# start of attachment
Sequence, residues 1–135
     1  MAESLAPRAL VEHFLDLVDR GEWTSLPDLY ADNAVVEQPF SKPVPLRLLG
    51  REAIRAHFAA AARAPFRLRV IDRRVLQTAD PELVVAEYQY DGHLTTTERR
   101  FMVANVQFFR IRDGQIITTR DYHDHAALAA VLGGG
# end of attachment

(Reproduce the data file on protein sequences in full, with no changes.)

Sequence, residues 1–135
     1  MAESLAPRAL VEHFLDLVDR GEWTSLPDLY ADNAVVEQPF SKPVPLRLLG
    51  REAIRAHFAA AARAPFRLRV IDRRVLQTAD PELVVAEYQY DGHLTTTERR
   101  FMVANVQFFR IRDGQIITTR DYHDHAALAA VLGGG